Did the Resurrection Really Happen?

Matthew 28

“After the Sabbath, at dawn on the first day of the week, Mary Magdalene and the other Mary went to look at the tomb. There was a violent earthquake, for an angel of the Lord came down from heaven and, going to the tomb, rolled back the stone and sat on it. His appearance was like lightning, and his clothes were white as snow. The guards were so afraid of him that they shook and became like dead men.

The angel said to the women, “Do not be afraid, for I know that you are looking for Jesus, who was crucified. He is not here; he has risen, just as he said. Come and see the place where he lay. Then go quickly and tell his disciples: ‘He has risen from the dead and is going ahead of you into Galilee. There you will see him.’ Now I have told you.”

So the women hurried away from the tomb, afraid yet filled with joy, and ran to tell his disciples. Suddenly Jesus met them. “Greetings,” he said. They came to him, clasped his feet and worshiped him. Then Jesus said to them, “Do not be afraid. Go and tell my brothers to go to Galilee; there they will see me.”

Maybe it just seems too fantastic of a story. Some one dead and buried came back to life? Everything you know about the human existence tells you it’s not possible for Jesus Christ to be resurrected after being crucified on the cross. But it did happen.

There is solid evidence that proves Jesus did come back from the dead. Truth or Tradition is a website dedicated to spreading the truth of Jesus Christ. They’ve published a booklet, Beyond a Reasonable Doubt – 23 Arguments for the Historical Validity of the Resurrection of Jesus Christ. You can read it in its entirety on line and order a free copy. Here are just a few of the arguments they highlight.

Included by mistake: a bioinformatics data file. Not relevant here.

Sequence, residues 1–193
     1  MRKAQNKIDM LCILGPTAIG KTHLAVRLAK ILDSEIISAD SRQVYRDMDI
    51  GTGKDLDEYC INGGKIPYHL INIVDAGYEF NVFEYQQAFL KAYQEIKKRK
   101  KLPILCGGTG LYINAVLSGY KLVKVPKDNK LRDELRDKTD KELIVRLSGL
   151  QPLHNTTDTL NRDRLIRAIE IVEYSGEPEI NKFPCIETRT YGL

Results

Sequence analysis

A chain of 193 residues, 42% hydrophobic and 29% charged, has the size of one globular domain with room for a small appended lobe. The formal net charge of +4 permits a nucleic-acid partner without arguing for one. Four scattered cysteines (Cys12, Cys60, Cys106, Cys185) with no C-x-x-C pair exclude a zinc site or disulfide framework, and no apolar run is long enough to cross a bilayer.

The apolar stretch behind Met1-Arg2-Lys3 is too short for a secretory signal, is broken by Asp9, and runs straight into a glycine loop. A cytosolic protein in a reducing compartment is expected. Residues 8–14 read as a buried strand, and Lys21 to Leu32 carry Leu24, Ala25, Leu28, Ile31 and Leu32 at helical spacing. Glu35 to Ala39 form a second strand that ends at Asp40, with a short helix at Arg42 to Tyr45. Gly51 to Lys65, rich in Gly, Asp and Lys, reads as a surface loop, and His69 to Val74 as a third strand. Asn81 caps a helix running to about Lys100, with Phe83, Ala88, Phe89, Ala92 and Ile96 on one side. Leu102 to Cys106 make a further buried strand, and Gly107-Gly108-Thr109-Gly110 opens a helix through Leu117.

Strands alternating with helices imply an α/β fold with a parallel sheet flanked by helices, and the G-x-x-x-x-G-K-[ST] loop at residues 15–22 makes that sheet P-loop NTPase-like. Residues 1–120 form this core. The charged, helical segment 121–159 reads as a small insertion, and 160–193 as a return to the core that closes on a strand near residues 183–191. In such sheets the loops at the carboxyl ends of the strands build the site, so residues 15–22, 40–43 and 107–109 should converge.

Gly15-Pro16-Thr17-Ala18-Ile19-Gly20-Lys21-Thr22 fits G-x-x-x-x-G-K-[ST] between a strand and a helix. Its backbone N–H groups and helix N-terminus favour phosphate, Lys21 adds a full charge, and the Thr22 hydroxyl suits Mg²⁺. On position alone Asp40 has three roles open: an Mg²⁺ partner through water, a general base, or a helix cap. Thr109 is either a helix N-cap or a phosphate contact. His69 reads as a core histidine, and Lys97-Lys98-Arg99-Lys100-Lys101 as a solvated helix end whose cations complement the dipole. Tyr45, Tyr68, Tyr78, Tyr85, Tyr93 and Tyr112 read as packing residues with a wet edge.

1. The resurrection narratives have the ring of historical truth

The resurrection narratives bear unmistakable signs of being historically accurate. The earliness of these accounts, at a time when hostile witnesses were present, would have made a fabrication unlikely and dangerous. There is agreement on the main facts and great variety in the witnesses given, yet they are not a mere repetition of some standardized story with all the discrepancies worked out. Indeed, the accounts of Christ’s resurrection appearances are clearly independent of one another, as their surface dissimilarities suggest.

3. The empty tomb is a historical given

No reputable New Testament historian doubts the historical fact that the tomb in which Christ was placed after his crucifixion was empty. Therefore, there are only three explanations for it. Either his enemies took the body, his friends took the body, or Jesus was raised from the dead. The first possibility is extremely unlikely, because his enemies would have certainly displayed his body if they could have, in order to humiliate his disciples, quell the rumors of his resurrection, as well as to cut short any new religious movement that threatened their Mosaic traditions.

It is equally unlikely that his friends would have taken his body, because after his crucifixion they were profoundly disappointed and discouraged men who did not believe that he would be resurrected. It is absurd to think that under these conditions they would invent a scheme in which they would steal away the body to fabricate a story they obviously did not believe.